Swoop had come to believe that what she experienced at those times were memories. What was troubling was that, if she was correct, they were memories that quite obviously weren't her own. They were strange recollections of things that, from what little context she could discern, had obviously happened well before she had existed even the first time around and, in some cases, that had occurred in places where she had never been. It was mostly a collection of vague, phantom sensory input. There were sequences of visual images, some clear and some grossly distorted. There were stray smells and sounds and even some tactile input. And, just within the last few days, voices had started to come to her, too. They murmured and whispered at her, with a level of urgency that slightly increased each time that she experienced them. Although she usually couldn't catch the words – or, when she could catch them, the words were merely gibberish to her – she knew with a strange and disquieting certainty that they were trying to tell her something, perhaps to warn her about something. Something, she was certain, that was very important.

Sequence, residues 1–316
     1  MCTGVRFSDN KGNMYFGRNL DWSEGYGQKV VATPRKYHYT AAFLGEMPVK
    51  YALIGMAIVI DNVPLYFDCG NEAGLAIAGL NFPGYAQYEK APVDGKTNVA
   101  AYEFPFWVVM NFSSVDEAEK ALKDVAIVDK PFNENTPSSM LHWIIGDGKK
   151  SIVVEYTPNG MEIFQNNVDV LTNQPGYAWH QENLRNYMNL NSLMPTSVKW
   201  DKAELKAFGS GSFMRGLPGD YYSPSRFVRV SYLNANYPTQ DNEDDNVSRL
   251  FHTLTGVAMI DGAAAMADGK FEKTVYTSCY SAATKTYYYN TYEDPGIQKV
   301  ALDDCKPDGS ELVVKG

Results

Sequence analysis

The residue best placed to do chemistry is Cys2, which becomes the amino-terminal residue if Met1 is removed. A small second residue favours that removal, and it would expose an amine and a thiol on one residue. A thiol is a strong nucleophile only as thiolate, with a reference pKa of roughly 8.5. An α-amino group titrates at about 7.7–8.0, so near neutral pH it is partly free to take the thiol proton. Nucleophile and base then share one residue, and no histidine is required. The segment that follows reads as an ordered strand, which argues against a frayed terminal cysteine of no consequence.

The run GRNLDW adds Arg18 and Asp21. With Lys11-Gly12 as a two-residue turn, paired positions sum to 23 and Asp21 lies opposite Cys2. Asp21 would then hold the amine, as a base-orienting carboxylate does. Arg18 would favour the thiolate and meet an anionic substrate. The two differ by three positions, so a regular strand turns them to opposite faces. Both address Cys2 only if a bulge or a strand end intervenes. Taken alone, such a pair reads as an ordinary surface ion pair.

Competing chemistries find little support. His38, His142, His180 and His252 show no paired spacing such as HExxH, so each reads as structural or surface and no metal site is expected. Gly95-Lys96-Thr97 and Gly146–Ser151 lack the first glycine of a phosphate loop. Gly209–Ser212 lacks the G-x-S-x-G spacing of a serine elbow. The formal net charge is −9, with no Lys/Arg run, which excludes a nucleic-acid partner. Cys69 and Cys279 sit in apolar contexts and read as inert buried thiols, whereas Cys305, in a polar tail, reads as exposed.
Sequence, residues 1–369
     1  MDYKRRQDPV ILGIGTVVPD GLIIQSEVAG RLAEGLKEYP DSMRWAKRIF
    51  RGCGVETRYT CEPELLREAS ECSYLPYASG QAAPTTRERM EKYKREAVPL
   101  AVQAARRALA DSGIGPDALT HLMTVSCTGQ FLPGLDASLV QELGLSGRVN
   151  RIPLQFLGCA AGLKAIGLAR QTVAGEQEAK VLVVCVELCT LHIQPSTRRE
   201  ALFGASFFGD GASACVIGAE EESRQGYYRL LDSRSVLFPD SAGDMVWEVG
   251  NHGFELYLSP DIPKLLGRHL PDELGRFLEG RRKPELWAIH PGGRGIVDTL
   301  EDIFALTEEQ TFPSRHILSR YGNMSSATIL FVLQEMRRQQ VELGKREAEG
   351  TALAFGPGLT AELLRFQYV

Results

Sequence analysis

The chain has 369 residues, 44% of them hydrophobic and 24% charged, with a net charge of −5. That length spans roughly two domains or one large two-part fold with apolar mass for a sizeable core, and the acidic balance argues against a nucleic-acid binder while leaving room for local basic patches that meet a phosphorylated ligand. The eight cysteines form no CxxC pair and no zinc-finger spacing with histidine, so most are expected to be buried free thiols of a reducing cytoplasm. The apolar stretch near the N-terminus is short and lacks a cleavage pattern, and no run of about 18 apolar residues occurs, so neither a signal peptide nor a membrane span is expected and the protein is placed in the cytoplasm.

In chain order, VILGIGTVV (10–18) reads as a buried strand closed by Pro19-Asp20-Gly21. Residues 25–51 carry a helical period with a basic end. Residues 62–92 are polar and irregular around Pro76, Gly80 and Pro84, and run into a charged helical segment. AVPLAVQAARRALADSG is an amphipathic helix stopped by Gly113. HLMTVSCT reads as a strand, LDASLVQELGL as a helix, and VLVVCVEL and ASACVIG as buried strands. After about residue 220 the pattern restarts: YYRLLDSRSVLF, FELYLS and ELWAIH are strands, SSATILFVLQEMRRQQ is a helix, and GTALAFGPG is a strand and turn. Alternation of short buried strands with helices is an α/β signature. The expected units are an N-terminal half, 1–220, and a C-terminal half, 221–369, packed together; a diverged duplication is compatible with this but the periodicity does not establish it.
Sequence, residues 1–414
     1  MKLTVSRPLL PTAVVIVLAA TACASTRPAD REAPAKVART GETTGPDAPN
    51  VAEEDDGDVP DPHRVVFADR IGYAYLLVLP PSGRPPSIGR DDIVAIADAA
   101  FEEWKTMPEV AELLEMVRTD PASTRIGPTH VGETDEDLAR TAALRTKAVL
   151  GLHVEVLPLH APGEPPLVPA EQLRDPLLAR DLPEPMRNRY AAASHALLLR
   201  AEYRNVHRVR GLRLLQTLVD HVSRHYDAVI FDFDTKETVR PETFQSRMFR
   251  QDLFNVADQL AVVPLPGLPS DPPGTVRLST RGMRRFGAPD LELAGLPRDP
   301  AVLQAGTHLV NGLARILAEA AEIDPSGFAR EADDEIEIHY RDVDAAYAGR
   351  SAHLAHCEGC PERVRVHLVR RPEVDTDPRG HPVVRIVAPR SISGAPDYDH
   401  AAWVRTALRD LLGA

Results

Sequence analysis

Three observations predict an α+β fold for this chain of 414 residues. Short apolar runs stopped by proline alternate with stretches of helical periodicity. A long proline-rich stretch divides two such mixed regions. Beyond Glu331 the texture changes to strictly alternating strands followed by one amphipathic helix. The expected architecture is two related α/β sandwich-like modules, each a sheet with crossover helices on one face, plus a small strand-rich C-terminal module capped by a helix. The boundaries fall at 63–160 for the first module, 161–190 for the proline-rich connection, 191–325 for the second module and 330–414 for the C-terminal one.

But what? More than that, Swoop wondered how she could be certain that she wasn't simply going crazy, cracking under the strain of her situation and having wild, fevered hallucinations as a result. And even if she wasn't going crazy, how, she wondered, was she supposed to put any of what she was experiencing into words? She couldn't. She hadn't. Not to anyone. And she found that she couldn't do so now, either, not even for the benefit of the two individuals who, apart from her Dinobot brothers, knew her best and cared about her the most.